I personally think the Web needs at least two baseline video codecs and several baseline audio codecs. For video, we need something like Theora (or H.264 if it wasn’t for the patent problems) which uses discrete cosine transforms and is good for highly compressed web videos. We also need something like Dirac or another wavelet compression codec that helps us at the very high end and to smooth over the differences between online “broadcast” video. We need something like Vorbis, which is actually superior to MP3 for lossy audio and we need something like Speex or Silk for voice-specific audio. We probably want a lossless audio codec too.

    Just as JPG and PNG are designed for different types of image content, so are the different video and audio codecs. Having a few of them, each for their own specialized content, is actually a good thing.

    [That is fine and good and admirable, but there are also reasons why commercial vendors like Apple do not use Theora/Vobis/FLAC lossless: patents! Do you really think Apple is against free codecs because it wants to pay licensing fees?

    Apple does have some patent royalties related to MPEG, but they do not offset what Apple has to pay. Apple pays, not to repress FOSS, but because its better business to pay into the pool and have access to the best technology than to adopt some volunteer effort technology that almost assuredly will be hit by submarine patents because volunteer developers do not have volunteer patent attorneys. And meanwhile, while Apple is humoring the FOSS community by dicking around with old crap codecs like Theora, Microsoft will waltz in and force WMV/VC-1 as a far superior technology, killing any future for iPods/Macs/iPhones, etc. Right, upholding FOSS politics is worth losing?

    And if Apple were to appease Mozilla and support Theora as the official codec for web video, what would happen if Theora came under GIF-style patent claims (say, from Microsoft, which has all sorts of VC-1 patents)? Mozilla would cut and run and pick up some other free codec, leaving Apple stuck with a bunch of hardware that wasn’t usable and a patent troll to fight in court. If a patent troll hits MPEG, Apple has allies that are far more significant than Mozilla. That is to say, significant at all. ]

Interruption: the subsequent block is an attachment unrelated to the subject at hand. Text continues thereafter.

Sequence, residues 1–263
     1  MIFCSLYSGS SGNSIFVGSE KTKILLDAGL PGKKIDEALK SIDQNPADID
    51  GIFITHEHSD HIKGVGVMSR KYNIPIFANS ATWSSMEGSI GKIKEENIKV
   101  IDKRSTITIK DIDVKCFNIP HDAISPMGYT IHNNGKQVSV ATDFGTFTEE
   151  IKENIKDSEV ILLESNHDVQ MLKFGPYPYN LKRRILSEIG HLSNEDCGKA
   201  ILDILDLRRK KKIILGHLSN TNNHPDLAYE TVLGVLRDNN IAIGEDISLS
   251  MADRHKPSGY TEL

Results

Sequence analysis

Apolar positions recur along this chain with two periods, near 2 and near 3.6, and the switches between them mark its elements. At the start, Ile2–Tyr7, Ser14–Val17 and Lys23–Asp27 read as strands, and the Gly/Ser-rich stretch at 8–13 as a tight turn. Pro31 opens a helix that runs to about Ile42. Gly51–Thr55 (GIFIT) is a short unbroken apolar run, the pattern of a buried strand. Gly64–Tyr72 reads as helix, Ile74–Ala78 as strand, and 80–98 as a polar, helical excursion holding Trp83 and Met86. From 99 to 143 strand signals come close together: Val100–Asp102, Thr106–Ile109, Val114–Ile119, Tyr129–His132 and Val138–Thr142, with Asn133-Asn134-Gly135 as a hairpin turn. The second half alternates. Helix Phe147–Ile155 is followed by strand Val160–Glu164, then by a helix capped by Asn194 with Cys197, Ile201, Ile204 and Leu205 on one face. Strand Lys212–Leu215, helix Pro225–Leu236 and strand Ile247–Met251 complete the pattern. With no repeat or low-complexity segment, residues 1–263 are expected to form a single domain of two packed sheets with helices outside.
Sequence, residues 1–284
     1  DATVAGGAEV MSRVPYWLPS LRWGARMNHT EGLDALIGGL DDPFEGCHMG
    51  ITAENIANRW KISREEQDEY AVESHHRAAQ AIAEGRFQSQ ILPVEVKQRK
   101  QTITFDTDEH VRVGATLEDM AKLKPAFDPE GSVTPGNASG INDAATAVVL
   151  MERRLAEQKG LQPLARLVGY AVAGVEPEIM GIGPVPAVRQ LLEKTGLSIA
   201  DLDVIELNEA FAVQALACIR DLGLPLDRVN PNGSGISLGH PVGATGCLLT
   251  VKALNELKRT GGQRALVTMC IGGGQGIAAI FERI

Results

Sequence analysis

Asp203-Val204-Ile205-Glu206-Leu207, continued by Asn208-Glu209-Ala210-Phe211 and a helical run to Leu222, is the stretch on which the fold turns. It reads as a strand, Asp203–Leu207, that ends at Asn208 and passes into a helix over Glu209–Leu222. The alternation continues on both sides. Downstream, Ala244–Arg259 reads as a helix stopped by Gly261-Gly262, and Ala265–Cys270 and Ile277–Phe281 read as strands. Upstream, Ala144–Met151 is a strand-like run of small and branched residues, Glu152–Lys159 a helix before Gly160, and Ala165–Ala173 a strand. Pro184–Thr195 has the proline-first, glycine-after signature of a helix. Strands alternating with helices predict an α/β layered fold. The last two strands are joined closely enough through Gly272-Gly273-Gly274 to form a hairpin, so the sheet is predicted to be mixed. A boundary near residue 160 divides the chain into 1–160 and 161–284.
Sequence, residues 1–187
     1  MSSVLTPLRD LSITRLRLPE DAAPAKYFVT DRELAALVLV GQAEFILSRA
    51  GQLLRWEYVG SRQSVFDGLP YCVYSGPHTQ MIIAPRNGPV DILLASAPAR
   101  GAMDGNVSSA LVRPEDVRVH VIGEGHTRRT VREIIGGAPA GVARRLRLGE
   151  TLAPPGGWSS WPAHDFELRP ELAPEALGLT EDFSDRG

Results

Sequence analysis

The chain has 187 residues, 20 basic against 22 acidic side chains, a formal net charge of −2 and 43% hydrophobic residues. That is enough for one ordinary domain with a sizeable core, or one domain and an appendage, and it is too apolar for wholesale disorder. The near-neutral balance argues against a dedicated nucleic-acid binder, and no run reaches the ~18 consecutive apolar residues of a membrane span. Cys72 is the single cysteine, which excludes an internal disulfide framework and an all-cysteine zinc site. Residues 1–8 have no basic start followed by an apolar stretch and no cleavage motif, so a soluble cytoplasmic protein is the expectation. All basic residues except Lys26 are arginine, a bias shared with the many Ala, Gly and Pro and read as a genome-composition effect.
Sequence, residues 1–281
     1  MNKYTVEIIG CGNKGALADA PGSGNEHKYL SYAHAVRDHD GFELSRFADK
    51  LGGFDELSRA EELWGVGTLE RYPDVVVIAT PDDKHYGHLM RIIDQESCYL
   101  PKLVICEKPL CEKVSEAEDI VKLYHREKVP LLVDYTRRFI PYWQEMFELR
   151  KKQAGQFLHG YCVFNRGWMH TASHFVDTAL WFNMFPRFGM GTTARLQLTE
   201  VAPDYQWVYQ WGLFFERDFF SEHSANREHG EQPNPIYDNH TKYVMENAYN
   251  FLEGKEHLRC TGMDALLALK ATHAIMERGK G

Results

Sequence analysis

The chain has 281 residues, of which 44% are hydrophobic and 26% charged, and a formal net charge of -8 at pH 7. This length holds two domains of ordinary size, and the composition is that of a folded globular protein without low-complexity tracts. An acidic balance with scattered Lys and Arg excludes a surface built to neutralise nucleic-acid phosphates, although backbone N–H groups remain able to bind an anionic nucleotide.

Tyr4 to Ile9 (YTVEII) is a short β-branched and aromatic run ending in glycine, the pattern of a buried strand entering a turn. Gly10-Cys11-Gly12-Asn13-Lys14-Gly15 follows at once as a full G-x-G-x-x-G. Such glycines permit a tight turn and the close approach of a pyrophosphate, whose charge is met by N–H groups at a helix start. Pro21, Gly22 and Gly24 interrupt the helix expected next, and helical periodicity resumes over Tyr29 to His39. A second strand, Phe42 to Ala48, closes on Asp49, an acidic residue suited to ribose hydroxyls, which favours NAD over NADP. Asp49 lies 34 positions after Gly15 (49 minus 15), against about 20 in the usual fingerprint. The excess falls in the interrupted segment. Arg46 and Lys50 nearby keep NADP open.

If the W3C specifies any codecs, they must be patent unencumbered. That’s their requirement, and a good one. I think they should specify a handful of baseline codecs so we don’t end up like we did with PNG where web content producers have to wait a decade for a cross-browser baseline that works.

    [Specifying a baseline codec is not necessary, and does not result in vendors implementing it. Specifying codecs that vendors do not actually support is like writing stupid laws that can’t or won’t be policed. It just gives people reason to ignore the law in general and hold it in contempt. Microsoft will be pushed to support PNG, H.264, and HTML 5 faster if those standards are viable and demanded by consumers and producers than if they are only specified in specifications. ]

    Notice that I’m not saying that Gif or H.264 are bad or evil. If people want to use them, so be it. I just think that we shouldn’t write those into any specification (and the W3C won’t) and I think that most of the arguments against the patent-free codecs are wrong, sometimes because of a lack of information or understanding of this space and sometimes intentionally wrong for purposes of spreading FUD.

    [Fortunately for you, the W3C isn’t being pressured into specifying GIF or H.264, because HTML is not supposed to specify file types. Mozilla is pushing for specifying a baseline, which is unfortunate because it is a commercially non-viable, obsolete, and non-mobile-savvy baseline. ]

    So, I encourage you to go look at the progress being made on Theora and I encourage you to go read up on how off-CPU hardware decoding actually works and I encourage you to read the arguments at the WHATWG mailing list in support of baseline codecs and I encourage you to go read about Mozilla’s mission and success in bringing competition back to the browser space and I encourage you to go read about Opera’s products and plans.

    When you’ve educated yourself, I think you’ll see things a bit differently. I hope you’ll then follow-up on that podcast with a post espousing your newfound knowledge.

    [While I’m getting smart enough to approach Mozilla’s feet to question the great FOSS god, perhaps Mozilla can happen upon a business model so you are not out of a job as soon as Google realizes that it doesn’t have to subsidize the ashes of Netscape anymore just to block Microsoft’s encroachment into web search. Because that’s about a year or two out. Keep releasing stuff like FF 3.5 and it will be a year out. – Dan ]